Genetic Counseling Program

Untitled Document

Pregnancy Outcomes in Survivors of Abdominal Wall Defects.  By Brooke Rush

Background:  There are an increasing number of survivors of congenital abdominal wall defects (AWDs) reaching reproductive age.  Currently, there is no published information regarding pregnancy outcomes in this population.  The purpose of this study is to expand the current knowledge on pregnancy outcomes in patients born with an AWD.  Methods:  A survey was designed to collect information regarding demographic data, pregnancy outcomes and individual fears and concerns regarding pregnancy in a group of AWD survivors.  This survey was made available to adult, female survivors of AWDs via five on-line support groups and discussion boards.  Data was collected over a period of three months and compared across total populations as well as between types of AWD or repair types.  Results:  A total of 34 surveys were used in data analysis.  Of these, 13 women reported a total of 16 live births and 13 pregnancy losses.  Rates of Cesarean delivery were comparable to the general population.  Incidence of preterm birth was 31.3% in this population, but none of the neonates were less than 10th percentile body weight for gestational age.  Respondents with omphalocele generally reported fewer pregnancy complications.  There were no incidences of preterm labor or pregnancy complications reported in respondents with initial repair by silo.  Respondents with fewer medical complications as children tend to have fewer pregnancy complications or preterm births.  Conclusion:  Overall, pregnancy outcomes in survivors of AWD are favorable.  This study should provide guidance for physicians and genetic counselors educating patients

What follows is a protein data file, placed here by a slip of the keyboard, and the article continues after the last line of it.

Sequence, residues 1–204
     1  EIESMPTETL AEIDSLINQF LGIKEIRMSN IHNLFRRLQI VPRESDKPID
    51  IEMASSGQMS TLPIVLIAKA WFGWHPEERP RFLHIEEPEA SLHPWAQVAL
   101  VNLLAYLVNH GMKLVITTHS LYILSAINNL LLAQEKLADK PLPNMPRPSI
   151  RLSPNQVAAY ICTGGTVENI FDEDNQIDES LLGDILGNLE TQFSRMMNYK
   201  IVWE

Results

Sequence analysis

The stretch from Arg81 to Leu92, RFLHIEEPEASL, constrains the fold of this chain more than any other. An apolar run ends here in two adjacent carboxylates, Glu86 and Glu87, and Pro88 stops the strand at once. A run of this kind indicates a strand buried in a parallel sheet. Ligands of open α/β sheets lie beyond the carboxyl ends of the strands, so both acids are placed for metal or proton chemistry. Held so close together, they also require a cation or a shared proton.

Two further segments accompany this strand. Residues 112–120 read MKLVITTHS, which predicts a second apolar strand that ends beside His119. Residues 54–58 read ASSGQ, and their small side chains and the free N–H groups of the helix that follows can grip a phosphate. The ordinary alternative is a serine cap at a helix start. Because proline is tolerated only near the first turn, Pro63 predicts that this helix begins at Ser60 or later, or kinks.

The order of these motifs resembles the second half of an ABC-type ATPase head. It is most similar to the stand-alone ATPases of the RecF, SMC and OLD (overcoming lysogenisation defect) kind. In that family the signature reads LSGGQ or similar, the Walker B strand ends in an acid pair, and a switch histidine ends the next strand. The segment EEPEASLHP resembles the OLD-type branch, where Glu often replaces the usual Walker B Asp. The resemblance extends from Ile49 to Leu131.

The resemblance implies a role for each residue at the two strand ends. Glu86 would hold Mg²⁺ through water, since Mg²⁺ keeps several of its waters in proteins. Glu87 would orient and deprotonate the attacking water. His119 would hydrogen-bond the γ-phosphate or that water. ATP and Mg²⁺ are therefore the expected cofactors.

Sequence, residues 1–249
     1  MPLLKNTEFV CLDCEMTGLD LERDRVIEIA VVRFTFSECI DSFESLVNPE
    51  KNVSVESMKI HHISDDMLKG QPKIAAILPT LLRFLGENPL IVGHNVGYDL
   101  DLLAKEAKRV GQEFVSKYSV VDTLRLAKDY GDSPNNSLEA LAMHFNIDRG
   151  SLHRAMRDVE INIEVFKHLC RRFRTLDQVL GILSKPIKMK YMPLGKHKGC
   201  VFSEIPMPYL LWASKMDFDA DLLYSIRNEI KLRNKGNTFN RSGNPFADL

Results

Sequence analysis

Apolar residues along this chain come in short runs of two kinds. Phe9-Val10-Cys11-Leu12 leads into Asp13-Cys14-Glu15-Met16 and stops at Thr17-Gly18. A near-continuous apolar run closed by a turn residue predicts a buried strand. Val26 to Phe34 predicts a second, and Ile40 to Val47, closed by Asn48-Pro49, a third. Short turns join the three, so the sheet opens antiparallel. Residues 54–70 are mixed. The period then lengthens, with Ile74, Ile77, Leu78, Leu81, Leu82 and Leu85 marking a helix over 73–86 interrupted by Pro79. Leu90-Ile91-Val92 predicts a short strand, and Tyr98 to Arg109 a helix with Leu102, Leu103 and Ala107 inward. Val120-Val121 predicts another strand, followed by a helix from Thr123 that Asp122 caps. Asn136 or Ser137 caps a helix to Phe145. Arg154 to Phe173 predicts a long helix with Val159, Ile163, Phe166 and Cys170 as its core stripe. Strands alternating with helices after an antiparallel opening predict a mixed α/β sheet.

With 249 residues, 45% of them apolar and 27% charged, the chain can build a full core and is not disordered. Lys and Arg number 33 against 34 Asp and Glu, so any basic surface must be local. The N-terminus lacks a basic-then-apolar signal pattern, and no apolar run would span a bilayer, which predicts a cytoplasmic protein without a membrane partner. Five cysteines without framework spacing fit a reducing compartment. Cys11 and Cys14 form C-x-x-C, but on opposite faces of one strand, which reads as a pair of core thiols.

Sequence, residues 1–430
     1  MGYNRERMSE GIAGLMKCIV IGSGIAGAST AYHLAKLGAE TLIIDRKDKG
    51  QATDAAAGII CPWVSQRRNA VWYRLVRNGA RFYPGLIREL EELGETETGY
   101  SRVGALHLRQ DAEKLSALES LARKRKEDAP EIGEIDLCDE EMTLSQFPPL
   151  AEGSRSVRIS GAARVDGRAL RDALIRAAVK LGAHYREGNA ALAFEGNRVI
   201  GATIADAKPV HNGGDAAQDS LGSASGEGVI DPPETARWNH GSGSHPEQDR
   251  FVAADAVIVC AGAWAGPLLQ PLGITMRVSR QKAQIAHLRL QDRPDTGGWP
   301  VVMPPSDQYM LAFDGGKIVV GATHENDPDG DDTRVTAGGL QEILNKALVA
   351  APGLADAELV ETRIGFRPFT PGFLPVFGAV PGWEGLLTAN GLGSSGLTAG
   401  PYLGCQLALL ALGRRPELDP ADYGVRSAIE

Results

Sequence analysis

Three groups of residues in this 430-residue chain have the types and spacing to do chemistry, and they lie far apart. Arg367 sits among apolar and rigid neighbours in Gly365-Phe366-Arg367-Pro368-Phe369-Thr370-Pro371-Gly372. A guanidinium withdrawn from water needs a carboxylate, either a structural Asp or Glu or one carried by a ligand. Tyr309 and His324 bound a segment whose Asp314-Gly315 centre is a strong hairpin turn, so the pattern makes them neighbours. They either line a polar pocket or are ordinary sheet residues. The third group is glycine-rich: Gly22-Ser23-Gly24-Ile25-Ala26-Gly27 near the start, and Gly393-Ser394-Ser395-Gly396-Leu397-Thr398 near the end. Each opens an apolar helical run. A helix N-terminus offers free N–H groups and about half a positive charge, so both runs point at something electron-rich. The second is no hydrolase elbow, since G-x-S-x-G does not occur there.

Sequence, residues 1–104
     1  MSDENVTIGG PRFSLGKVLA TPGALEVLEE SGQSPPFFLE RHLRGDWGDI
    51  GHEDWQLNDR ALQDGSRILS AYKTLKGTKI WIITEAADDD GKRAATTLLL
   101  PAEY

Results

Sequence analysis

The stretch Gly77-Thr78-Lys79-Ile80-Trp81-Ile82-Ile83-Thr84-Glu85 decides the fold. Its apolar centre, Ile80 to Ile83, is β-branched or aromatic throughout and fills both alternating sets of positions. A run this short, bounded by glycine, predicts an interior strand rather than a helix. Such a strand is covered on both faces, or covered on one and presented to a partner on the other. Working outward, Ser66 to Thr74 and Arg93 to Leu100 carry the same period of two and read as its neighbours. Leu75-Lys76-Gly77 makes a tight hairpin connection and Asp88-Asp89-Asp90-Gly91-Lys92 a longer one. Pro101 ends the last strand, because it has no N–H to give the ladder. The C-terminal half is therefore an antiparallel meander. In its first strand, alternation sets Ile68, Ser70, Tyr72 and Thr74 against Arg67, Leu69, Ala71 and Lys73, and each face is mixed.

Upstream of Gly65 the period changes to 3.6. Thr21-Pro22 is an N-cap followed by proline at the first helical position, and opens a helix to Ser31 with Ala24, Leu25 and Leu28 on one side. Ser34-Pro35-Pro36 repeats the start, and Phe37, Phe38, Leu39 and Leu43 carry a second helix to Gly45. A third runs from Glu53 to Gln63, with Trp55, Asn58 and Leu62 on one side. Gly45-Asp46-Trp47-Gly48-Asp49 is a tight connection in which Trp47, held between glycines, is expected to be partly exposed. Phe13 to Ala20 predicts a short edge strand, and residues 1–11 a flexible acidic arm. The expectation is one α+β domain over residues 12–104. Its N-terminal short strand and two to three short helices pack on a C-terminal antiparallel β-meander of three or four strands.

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  • "I chose to attend UNCG because of its shared learning environment and the access to some of the leading institutions in the country. "



  • "UNCG is a great fit for me. The program directors have extensive experience in the world of genetic counseling and provide you with opportunities to work with some of the best medical centers in the country. Our location allows us to have expert guest lecturers, many of whom you also get to work alongside or observe in your clinical rotations in your second year. We also have some really wonderful and unique opportunities as a part of this program: we observe in syndrome specific support groups and clinics, tour genetic laboratories, and are matched with a family with a genetic disease to learn what it is like to live with a genetic condition. Finally, our directors are genuinely invested in each of us, and care about our success and getting to know each of us personally."




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